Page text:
The U.S. Department of Health and Human Services (HHS) Office for Civil Rights (OCR) plans to issue an advance notice of proposed rulemaking this November on potentially sharing HIPAA breach settlements with victims. The notice would solicit public opinion on creating a process for sharing a percentage of any penalty or settlement with those harmed by an offense punishable under HIPAA. Section 13410(c)(3) of the Health Information Technology for Economic and Clinical Health Act (HITECH)—which addresses privacy and security concerns associated with electronic transmission of health information by strengthening civil and criminal enforcement of HIPAA rules—requires HHS to establish a methodology to distribute such monetary collections to those harmed.
This ambitious proposal would be a drastic step in HIPAA data protection but may present some hurdles for OCR in its implementation. For example, it could be difficult for OCR to determine how much to compensate those harmed, especially considering that damages in data breaches are difficult to prove. Additionally, this new mechanism can lead to much higher OCR penalties to compensate the victims. Companies should take note that this move by OCR indicates an added emphasis on HIPAA compliance and patient data protection.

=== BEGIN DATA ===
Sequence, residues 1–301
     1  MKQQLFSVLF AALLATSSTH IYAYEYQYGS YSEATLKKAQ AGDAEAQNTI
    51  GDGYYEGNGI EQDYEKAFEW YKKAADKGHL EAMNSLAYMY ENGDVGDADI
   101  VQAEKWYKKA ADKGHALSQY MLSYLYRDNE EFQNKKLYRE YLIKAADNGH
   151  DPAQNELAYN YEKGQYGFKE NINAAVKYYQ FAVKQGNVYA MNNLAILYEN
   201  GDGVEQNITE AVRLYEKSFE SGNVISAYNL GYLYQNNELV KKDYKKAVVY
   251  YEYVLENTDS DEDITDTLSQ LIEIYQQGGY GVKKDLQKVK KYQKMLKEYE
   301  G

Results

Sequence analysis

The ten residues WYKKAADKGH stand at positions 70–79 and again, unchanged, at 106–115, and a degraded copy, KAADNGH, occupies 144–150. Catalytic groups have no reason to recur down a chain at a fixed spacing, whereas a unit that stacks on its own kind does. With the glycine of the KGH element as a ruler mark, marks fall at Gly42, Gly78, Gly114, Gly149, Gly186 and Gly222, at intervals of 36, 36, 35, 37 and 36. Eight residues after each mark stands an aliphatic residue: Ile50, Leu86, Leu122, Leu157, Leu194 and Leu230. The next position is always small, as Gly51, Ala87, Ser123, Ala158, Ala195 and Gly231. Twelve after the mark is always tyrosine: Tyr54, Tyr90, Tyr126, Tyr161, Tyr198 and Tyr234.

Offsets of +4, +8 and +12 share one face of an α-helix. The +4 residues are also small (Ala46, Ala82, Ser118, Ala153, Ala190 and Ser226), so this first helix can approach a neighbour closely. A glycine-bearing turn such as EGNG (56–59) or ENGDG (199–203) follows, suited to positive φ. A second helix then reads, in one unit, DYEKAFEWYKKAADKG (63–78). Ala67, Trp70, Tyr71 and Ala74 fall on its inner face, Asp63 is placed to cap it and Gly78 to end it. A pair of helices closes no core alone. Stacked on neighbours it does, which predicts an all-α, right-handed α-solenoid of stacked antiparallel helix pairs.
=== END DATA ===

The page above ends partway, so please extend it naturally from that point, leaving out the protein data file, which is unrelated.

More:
The Health Law Pulse will continue to monitor any updates on this OCR proposal.